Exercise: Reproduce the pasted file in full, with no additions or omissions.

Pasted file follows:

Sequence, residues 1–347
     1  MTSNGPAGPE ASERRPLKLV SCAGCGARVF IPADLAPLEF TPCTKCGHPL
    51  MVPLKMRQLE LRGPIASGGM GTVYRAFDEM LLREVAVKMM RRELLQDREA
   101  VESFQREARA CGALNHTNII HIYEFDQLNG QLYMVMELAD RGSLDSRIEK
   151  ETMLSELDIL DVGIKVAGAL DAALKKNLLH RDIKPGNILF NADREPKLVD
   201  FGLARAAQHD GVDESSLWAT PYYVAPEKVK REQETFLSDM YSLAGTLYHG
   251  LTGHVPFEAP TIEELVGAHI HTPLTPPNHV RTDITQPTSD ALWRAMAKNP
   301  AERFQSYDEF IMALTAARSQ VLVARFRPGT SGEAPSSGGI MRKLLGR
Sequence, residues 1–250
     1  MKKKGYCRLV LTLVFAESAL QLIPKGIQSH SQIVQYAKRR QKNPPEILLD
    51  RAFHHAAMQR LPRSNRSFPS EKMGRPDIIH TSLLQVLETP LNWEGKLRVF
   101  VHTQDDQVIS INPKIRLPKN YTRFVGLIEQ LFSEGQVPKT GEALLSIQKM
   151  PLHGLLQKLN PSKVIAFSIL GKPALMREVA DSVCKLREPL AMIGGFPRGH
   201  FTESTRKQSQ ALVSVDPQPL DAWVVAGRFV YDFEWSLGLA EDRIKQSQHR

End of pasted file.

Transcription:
Sequence, residues 1–347
     1  MTSNGPAGPE ASERRPLKLV SCAGCGARVF IPADLAPLEF TPCTKCGHPL
    51  MVPLKMRQLE LRGPIASGGM GTVYRAFDEM LLREVAVKMM RRELLQDREA
   101  VESFQREARA CGALNHTNII HIYEFDQLNG QLYMVMELAD RGSLDSRIEK
   151  ETMLSELDIL DVGIKVAGAL DAALKKNLLH RDIKPGNILF NADREPKLVD
   201  FGLARAAQHD GVDESSLWAT PYYVAPEKVK REQETFLSDM YSLAGTLYHG
   251  LTGHVPFEAP TIEELVGAHI HTPLTPPNHV RTDITQPTSD ALWRAMAKNP
   301  AERFQSYDEF IMALTAARSQ VLVARFRPGT SGEAPSSGGI MRKLLGR
Sequence, residues 1–250
     1  MKKKGYCRLV LTLVFAESAL QLIPKGIQSH SQIVQYAKRR QKNPPEILLD
    51  RAFHHAAMQR LPRSNRSFPS EKMGRPDIIH TSLLQVLETP LNWEGKLRVF
   101  VHTQDDQVIS INPKIRLPKN YTRFVGLIEQ LFSEGQVPKT GEALLSIQKM
   151  PLHGLLQKLN PSKVIAFSIL GKPALMREVA DSVCKLREPL AMIGGFPRGH
   201  FTESTRKQSQ ALVSVDPQPL DAWVVAGRFV YDFEWSLGLA EDRIKQSQHR